9/1/15 to 9/11/15 (13,300 miles)
On September 1, we left Colter Bay to drive to Rock Springs, WY. This was a long drive through unremarkable landscapes. Stephen drove and everyone else read or napped. On Wednesday we stopped at Flaming Gorge National Recreation Area on the Green River. It is spectacular scenery, and we were also treated to the sight of some big horn sheep that have been reintroduced to the area. We spent Wednesday night in Vernal, UT.
Thursday took us to Dinosaur National Monument, where many, many dinosaur bones washed down a river and piled up in one place. Work has been done to expose the bones on the side of what is now a hill and to stabilize the hillside. They present a magnificent sight.
On Friday we made it to Moab, which is so blessed with natural wonders that making choices is difficult. Jean, Viky and Stephen drove into Arches National Park and hiked to several of the more spectacular arches. Donna and Gus stayed at the Fox, since the National Park Service doesn’t allow dogs on trails.
Viky had learned to love S’Mores as a counselor at a camp in the eastern USA, so we had campfires along the way and introduced Jean to this sticky treat.
Viky needed an adrenalin rush, so she scheduled a sky dive for Saturday morning. The weather was perfect, and so was the dive. She enjoyed it, and the rest of us were relieved when she was once again standing on the ground with us.
After the sky dive, we drove to Cortez, NM, to one of our favorite campgrounds. This is a KOA located next to the Cortez Animal Shelter, and there is a large dog park here. Gus had a wonderful time chasing around with other dogs. Viky tried to teach him to swim (He wouldn’t get into water where his feet didn’t touch the ground.) and criticized him for doing a “lady wee” instead of lifting his leg, but she called him Gussie Pants, and he adored her.
On Saturday evening we went to the Cortez Cultural Center to watch two Native Americans dance some traditional First Nation dances, sing, and play drums and a flute. They were good at the performance and very educational in their presentation, both being teachers. Norman is a Lakota Sioux, and Ramona is a Navajo. So Jean and Viky had photos with cowboys and Indians.
Monday’s drive was to Curecanti National Recreation Area, across the Million Dollar Highway and through Ouray. Stephen has a book that describes various mountain passes in the western USA, and, had he read the book before we drove the road, we would have gone through Telluride instead of Ouray. There are many sharp hairpin turns, a narrow road with the edges crumbling into the valley, and three mountain passes. Still, he and his 35 foot Fifth Wheel made the trip with a lot of bikers and few other RV’s. Ouray is such a fun little town, and it was hopping on this Labor Day. We cruised the street, Viky bought a ring, and then we had lunch on a patio with a guitar-playing singer.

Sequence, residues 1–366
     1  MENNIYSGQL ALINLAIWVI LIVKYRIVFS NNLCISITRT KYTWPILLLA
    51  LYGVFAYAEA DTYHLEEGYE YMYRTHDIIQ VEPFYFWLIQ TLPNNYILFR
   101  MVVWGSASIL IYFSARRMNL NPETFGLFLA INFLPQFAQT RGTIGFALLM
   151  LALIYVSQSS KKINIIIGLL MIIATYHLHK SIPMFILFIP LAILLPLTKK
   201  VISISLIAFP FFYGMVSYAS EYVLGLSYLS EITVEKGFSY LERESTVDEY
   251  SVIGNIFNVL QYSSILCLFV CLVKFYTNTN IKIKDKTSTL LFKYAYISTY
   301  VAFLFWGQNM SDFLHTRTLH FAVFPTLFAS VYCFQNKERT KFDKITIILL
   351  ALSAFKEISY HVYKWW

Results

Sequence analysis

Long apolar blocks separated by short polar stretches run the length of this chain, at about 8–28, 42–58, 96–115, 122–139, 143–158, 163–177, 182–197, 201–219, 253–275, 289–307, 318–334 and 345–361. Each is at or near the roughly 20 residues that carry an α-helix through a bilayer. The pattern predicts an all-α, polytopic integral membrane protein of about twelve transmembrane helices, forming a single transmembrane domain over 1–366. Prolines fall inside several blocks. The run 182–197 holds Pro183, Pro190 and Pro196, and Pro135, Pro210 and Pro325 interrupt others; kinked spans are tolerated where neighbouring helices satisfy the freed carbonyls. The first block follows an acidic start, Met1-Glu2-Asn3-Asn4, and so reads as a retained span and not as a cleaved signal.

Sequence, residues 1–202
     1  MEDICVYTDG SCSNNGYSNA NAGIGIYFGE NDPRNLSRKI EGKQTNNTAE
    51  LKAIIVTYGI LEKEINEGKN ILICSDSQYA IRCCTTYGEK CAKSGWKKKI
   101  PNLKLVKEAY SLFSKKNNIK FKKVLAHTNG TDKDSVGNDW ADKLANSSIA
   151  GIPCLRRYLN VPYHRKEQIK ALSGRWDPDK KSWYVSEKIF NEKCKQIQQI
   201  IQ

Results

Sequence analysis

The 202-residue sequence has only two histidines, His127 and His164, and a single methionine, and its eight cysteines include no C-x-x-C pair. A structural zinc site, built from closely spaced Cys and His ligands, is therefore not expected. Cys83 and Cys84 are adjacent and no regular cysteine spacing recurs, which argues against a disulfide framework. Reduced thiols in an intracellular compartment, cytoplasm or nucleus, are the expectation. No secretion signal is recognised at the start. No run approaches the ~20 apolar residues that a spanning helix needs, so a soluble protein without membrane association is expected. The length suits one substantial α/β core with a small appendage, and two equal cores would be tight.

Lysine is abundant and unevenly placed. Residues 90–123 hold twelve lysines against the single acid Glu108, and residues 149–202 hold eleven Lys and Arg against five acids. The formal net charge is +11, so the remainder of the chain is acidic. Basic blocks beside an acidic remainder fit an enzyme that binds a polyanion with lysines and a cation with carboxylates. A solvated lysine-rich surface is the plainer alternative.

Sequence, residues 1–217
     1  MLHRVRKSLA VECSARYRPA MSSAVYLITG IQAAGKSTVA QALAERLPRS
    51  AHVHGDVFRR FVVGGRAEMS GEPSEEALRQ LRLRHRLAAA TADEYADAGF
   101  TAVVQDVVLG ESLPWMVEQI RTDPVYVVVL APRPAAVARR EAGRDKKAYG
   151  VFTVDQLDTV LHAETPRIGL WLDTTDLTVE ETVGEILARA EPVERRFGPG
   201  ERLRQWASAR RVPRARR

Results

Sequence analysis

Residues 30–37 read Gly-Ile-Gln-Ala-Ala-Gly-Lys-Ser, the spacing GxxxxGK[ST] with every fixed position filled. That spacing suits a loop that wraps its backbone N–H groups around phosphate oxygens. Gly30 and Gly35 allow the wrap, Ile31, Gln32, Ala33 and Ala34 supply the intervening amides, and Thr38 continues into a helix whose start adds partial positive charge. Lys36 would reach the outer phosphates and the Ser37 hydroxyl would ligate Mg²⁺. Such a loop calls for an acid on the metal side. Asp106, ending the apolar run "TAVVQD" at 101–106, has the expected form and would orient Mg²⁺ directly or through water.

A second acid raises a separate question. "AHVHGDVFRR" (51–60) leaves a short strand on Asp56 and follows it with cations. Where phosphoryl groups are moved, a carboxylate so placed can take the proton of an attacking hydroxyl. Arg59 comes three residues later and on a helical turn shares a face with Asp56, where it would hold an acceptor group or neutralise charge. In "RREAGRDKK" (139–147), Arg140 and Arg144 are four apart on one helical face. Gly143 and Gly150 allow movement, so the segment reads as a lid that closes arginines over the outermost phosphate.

The trip on to Elk Creek Campground in Curecanti National Recreation Area was uneventful and, as the area is in the rain shadow of the western range of the Rocky Mountains, was not especially scenic after Flaming Gorge and Arches National Park. Prairie dogs and bears inhabit this area, so there were still hopes of seeing Yogi and BooBoo.
On September 8 we drove to Black Canyon of the Gunnison for some hiking and viewing. On the way, we watched some cowboys and their dogs move a herd of steers.
Black Canyon is a starkly beautiful area with viewpoints overlooking the Gunnison River far below. As we finished the Rim Rock Trail hike, we saw a mule deer doe nursing two fawns. They must have known it wasn’t hunting season, because our presence didn’t alarm them.
Three campers decided to take a boat trip from Curecanti National Recreation Area down the Gunnison River into the gorge. Donna looked at the 232 steps down (and back up) the canyon wall to get to the boat and volunteered to wash dishes and prepare the RV to be moved to Breckenridge later in the day.
Although no bears were spotted from the boat, the sailors reported a wonderful trip with a good guide and a good captain. The view of the gorge from the bottom was very different from the top.
We moved on to Breckenridge where we had a lazy time of visiting a brewery and shopping along the main street. This was a difficult day as we learned of the death of Stephen’s good friend and cycling mate, Tim Landry. The news hit us both very hard as Tim was such a lively, funny man. In the afternoon Stephen did a bike ride and thought about all Tim had meant to him.
Jean and Viky shopped in Breckenridge and bought a pair of cowboy boots for Viky and some gifts for friends.
Then, of course, came the time to attempt to fit everything into suitcases and prepare for departure. This is always a challenge, given that bags are fairly full when guests arrive, and then people acquire things during their stay. At least this in an exercise only in engineering (Everything must go in somewhere.) and not in decision (What shall I take?) We were sorry to see the Burtons depart. Gus was devastated to lose his BFF. He declined to eat his tea and took to his bed.
We never saw Yogi and BooBoo, so the Burtons will need to make a return trip.